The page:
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Effectual Calling

Francis Turretin (1623-1687) - The Most Precise Theologian of the Reformation Era

Today, many Christians are turning back to the puritans to, “walk in the old paths,” of God’s word, and to continue to proclaim old truth that glorifies Jesus Christ. There is no new theology. In our electronic age, more and more people are looking to add electronic books (ePubs, mobi and PDF formats) to their library – books from the Reformers and Puritans – in order to become a “digital puritan” themselves. Take a moment to visit Puritan Publications (click the banner below) to find the biggest selection of rare puritan works updated in modern English in both print form and in multiple electronic forms. There are new books published every month. All proceeds go to support A Puritan’s Mind.

“Every decree of God is eternal; therefore it cannot depend upon a condition which takes place only in time. (2) God’s decrees depend on his good pleasure (eudokia) (Mt. 11:26; Eph. 1:5; Rom. 9:11). Therefore they are not suspended upon any condition outside of God. (3) Every decree of God is immutable (Is. 46:10; Rom. 9:11).”

The Scholastic Reformer explains how men are called into the Kingdom by the Holy Spirit.

This calling is an act of the grace of God in Christ by which he calls men dead in sin and lost in Adam through the preaching of the gospel and the power of the Holy Spirit, to union with Christ and to the salvation obtained in him. In it, the two terms “from which’ (a quo) and “to which (ad quem) are to be considered. The term ‘from which’ (terminus a quo) is the state of sin and condemnation in which we lie (Eph. 2:1); darkness (Eph. 5:8; 1 Pet. 2:9); the world (Jn. 15:19); and the things which are behind (to wit, earthly and mundane, Phil. 3:13). The term “to which’ (terminus ad quem) is union with Christ (1 Cor. 1:9); holiness (Rom 1-7; 1 Cor. 1:2; 1 Thess. 4-7); marvelous light (I Pet. 2:9); the kingdom of God (1 Thess. 2:12); eternal glory in Christ (1 Pet. 5:10); eternal life (I Tim. 6:12). Hence it is at one time called a “holy calling” (2 Tim. 1:9), not only by reason of the principle (because God the author of calling is holy, 1 Pet. 1:15), but also by reason of the end (because it tends to holiness).

What of the reprobate?

Are the reprobate, who partake of external calling, called with the design and intention on God’s part that they should become partakers of salvation? And, this being denied, does it follow that God does not deal seriously with them, but hypocritically and rarely; or that he can be accused of any injustice? We deny.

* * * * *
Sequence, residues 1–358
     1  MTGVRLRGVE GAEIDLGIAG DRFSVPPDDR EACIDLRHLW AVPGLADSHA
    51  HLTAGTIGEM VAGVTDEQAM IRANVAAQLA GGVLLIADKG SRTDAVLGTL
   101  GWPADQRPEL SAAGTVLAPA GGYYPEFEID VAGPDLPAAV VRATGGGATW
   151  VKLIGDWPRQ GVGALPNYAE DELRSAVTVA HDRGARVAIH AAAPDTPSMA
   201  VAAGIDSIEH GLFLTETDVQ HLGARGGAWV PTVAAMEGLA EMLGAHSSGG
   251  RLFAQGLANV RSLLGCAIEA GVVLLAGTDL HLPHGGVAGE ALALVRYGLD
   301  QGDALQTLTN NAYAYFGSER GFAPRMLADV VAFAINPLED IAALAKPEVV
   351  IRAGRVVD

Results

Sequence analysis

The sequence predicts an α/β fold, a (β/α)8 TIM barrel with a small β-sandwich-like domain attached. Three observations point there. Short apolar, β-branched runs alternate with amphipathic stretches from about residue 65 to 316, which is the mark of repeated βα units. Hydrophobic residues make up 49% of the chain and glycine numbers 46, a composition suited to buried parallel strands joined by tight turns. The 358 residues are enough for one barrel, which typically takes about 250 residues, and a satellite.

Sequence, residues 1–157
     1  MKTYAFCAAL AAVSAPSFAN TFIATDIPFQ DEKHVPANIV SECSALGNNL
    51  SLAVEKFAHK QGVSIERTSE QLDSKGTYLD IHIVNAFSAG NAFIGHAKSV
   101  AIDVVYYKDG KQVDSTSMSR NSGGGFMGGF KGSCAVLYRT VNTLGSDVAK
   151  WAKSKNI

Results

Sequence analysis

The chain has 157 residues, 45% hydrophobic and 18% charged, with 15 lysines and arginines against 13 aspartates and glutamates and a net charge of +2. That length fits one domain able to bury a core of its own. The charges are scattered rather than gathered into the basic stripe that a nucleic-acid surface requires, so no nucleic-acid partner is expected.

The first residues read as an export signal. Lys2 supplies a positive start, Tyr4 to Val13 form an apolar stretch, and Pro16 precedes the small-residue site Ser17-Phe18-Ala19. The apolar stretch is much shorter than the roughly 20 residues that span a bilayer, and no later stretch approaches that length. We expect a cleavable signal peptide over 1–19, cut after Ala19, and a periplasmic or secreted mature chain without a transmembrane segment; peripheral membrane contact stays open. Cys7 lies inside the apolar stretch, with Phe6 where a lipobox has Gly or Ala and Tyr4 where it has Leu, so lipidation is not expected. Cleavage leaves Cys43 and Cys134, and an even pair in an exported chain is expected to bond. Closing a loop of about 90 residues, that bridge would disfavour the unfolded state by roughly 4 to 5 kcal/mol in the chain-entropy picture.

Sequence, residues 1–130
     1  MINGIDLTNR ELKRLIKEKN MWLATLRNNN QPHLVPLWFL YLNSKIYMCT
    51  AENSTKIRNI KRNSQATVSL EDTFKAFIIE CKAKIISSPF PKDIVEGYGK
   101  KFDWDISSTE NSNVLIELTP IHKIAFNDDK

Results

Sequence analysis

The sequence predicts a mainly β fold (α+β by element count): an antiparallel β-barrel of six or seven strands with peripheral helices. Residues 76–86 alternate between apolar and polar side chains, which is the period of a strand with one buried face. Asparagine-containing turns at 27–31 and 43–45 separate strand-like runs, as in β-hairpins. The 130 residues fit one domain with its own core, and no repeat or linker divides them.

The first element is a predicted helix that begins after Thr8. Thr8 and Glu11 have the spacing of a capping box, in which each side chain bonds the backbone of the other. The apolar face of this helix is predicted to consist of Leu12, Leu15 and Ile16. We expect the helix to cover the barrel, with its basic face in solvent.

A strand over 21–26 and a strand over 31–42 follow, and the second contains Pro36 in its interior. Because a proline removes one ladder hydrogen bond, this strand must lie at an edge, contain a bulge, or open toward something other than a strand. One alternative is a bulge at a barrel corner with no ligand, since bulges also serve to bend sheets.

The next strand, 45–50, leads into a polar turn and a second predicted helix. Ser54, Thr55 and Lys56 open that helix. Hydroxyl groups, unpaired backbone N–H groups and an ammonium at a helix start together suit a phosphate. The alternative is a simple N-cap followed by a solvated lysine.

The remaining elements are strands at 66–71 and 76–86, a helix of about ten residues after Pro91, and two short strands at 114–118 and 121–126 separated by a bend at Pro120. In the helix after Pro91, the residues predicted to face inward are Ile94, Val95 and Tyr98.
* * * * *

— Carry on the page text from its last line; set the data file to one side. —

This question lies between us and the Lutherans, the Arminians and the patrons of universal grace, who (to support the universality of calling, at least as to the preaching of the gospel in the visible church) hold that as many as are called by the word are called by God with the intention of their salvation. For otherwise God would trifle with men and not deal seriously but hypocritically with them, offering them grace which, nevertheless, he is unwilling to bestow.

Now although we do not deny that the reprobate (who live in external communion with the church) are called by God through the gospel; still we do deny that they are called with the intention that they should be made actual partakers of salvation (which God knew would never be the case because in his decree he had ordained otherwise concerning them). Nor ought we on this account to think that God can be charged with hypocrisy or dissimulation, but that he always acts most seriously and sincerely.

To make this more distinct, we must remark: (1) the external call is extended to the reprobate as well as to the elect; but in a different manner-to the elect primarily and directly. For their sake alone the ministry of the gospel was instituted to collect the church and increase the mystical body of Christ (Eph. 4:12). They being taken out of the world, preaching would no longer be necessary because the word of God cannot return unto him void (Is. 55:11). But to the reprobate, it is extended secondarily and indirectly because, since they are mingled with the elect (known only to God, 2 Tim. 2:19), the call cannot be addressed to men indiscriminately without the reprobate as well as the elect sharing in it (in order that the end ordained by God may be obtained); as a fisherman in casting his net intends only to catch good fish, but indirectly closes in his net the bad also mixed with the good.

(2) The end of calling can be considered in two ways: either on the part of God or on the part of the thing (which is called the end of the worker and the end of the work). Although each is conjoined in the elect, yet in others they are separated (as in the legal proclamation, the end of the thing is life by the law, but the end of God after man’s fall cannot be the happiness of man, which through sin has become impossible to him by the law; rather the conviction of mans weakness and leading of him to Christ is the end of the law; so in the gospel call, the end of the thing is the salvation of man because by its nature it tends to the bringing of him to salvation by faith and repentance; but not at once with respect to all the called is it the end of God, but only of those to whom he decreed to give faith and salvation).

Further, that end on the part of God is either common to all the called or special with respect to the elect or the reprobate. And as to the common, we ought not to doubt that it is the demonstration of the mode and way of salvation.

Bible Verse:

“I am Almighty God; walk before Me and be blameless,” (Gen. 17:1).

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